Ignoring virus, and climate change, won’t help


Karmiela White - Guest columnist



If everything went according to plan, I would have been in D.C. this week meeting with my elected officials about climate change and what the United States needs to be doing to finally confront this looming disaster. But as we all now know, nothing has gone according to plan since early to mid-February.

It was during that time period that coronavirus – infections and fatalities – was spiking in China and had begun its steady march into other countries the world over. A lot could have been done at that point – both in the U.S., Europe, and the rest of the world – but it was much easier to ignore the obvious threat and instead hope for the best.

Barren streets in New York, San Francisco, Rome, Paris, London, New Delhi, Hong Kong, and of course Wuhan, China, let us all know in real time how that is working out.

As bad as this global pandemic is – and truthfully, it’s only getting worse – can we in any way salvage a silver lining from these impossibly difficult times?

Unfortunately, we still have the perfect opportunity coming right at us.

Unlike humans, and perhaps especially Congress, mother nature is more than capable of walking and chewing gum at the same time. Coronavirus may have grinded most of our country to standstill, but climate change continues unabated. And just like coronavirus, every day that we as a country and we on this planet fail to act is another day lost we won’t get back.

With that in mind, the Friends Committee on National Legislation Spring Lobby Weekend (SLW) focused on climate change I was planning on attending has gone from actual to virtual. I am still meeting with my Washington representatives. I am still attending workshops and information sharing sessions with people from coast-to-coast.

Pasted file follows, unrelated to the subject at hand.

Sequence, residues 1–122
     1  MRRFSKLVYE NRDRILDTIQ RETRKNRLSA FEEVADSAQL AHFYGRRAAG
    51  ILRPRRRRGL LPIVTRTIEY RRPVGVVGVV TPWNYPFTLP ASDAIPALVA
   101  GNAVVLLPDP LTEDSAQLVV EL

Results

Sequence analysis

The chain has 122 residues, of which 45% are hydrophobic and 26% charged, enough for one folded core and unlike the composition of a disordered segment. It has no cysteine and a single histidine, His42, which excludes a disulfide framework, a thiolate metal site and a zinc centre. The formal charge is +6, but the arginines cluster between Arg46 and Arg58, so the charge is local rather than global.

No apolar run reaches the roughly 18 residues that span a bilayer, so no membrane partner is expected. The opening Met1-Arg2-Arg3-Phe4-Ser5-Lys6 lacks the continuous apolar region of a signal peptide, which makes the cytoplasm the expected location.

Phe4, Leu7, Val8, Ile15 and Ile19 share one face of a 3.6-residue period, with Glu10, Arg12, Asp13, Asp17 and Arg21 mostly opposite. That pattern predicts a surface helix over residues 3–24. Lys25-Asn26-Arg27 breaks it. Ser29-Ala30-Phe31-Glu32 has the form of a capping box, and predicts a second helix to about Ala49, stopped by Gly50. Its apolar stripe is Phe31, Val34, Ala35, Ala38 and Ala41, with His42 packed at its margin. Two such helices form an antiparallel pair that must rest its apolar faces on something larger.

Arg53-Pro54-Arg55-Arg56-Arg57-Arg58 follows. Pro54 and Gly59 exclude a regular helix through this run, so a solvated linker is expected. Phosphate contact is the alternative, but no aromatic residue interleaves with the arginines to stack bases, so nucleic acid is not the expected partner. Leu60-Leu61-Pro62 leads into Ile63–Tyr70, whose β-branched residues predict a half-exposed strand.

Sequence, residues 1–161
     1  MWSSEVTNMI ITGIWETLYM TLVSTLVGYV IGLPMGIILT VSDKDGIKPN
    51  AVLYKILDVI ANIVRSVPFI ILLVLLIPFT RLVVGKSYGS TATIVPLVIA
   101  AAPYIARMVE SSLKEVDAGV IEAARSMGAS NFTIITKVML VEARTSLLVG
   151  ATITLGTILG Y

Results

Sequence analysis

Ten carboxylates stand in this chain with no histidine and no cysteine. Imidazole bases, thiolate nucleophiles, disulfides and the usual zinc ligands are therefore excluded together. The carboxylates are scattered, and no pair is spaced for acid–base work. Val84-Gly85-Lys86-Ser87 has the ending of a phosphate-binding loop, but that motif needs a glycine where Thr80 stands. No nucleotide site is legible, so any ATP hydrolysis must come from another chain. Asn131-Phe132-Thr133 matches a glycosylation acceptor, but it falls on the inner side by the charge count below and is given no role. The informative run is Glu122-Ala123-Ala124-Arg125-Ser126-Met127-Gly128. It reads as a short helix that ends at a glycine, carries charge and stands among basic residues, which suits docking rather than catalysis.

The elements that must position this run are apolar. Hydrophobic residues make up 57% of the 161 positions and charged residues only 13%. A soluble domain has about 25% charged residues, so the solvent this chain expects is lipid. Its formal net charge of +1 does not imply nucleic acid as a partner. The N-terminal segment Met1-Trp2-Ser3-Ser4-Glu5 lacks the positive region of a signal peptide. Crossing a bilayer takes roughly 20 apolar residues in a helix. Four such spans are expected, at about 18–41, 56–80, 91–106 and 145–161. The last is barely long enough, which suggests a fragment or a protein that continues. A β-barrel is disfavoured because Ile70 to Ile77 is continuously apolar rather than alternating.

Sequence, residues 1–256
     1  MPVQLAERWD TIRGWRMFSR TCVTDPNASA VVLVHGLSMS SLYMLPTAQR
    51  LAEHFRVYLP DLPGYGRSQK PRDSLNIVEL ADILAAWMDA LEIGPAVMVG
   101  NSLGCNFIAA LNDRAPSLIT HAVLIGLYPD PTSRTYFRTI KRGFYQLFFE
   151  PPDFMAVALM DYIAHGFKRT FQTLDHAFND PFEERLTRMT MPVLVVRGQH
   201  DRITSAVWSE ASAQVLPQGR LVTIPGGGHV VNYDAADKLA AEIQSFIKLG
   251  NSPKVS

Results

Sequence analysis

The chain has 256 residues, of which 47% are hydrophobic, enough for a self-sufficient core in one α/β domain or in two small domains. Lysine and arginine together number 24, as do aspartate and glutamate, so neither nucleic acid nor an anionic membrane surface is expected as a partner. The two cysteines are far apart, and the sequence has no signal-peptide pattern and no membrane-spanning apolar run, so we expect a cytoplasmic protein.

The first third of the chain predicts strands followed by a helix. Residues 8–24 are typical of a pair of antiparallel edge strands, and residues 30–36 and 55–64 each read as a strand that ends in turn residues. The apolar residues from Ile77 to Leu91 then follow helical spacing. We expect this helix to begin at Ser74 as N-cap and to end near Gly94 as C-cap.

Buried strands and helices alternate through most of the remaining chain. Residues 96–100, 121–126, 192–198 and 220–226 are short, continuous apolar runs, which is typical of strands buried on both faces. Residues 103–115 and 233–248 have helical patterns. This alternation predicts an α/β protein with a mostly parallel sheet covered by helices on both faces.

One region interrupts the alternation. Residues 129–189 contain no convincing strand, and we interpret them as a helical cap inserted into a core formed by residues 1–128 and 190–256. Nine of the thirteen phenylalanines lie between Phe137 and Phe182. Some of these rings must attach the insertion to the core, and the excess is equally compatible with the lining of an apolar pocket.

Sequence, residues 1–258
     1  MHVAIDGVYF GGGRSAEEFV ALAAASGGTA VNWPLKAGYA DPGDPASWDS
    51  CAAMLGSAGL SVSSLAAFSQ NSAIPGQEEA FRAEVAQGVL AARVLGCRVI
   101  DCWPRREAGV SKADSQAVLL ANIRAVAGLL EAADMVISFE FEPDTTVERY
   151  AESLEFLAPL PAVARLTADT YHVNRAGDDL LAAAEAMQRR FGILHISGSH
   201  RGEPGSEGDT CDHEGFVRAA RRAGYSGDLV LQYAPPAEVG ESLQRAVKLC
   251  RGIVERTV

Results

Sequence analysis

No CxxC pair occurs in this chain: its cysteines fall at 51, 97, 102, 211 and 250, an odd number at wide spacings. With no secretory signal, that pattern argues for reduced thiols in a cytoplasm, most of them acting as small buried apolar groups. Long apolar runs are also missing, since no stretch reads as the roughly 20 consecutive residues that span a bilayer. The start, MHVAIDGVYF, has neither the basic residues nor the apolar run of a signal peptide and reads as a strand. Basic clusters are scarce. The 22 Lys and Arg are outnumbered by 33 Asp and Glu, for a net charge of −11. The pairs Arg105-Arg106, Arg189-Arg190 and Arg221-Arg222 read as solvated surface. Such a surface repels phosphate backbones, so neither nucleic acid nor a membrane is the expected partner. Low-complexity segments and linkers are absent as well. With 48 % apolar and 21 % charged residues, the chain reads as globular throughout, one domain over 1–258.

And I am still taking the undeniable message of climate change to those that can make a real difference for our country.

This year, SLW participants urged their members of Congress to act quickly to cut greenhouse gas emissions, mitigate the damage already done by climate change, and protect our most vulnerable communities. With more than 500 young adults taking part from roughly forty states, this will be a message impossible for members to ignore and/or deny.

There are several reasons to remain optimistic on this issue despite the rampant hyper-partisanship in Congress. Thanks to unlikely growing bipartisan support, Congress is considering placing a price on carbon — a realistic step many economists consider to be the most cost-effective and practical toward reducing emissions at the size, scale, and speed necessary for meaningful change.

Specifically, the Climate Action Rebate Act is designed to reduce our carbon emissions by 55 percent by 2030, and seeks to achieve 100 percent reduction by 2050.

Revenue from this bill funds a dividend for middle and low-income households, transition assistance for fossil fuel workers, and much more. Revenue will also be used to transition to a clean energy economy and fund energy innovation and infrastructure programs.

The United States and the Congress have a moral obligation to address climate change. I and hundreds more like me will be making this abundantly clear all week long.

While it can be debated whether or not coronavirus snuck up on us, climate change has been an ignored emerging crisis for years. No more excuses, no more delays. We’ve lost enough time and there’s far too much at stake.

Karmiela White is a junior at Wilmington College majoring in Communication Arts and Political Science. Along with advocacy, Karmiela finds happiness in serving her community. She also enjoys working alongside other people who share the same passion for social justice.

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Karmiela White

Guest columnist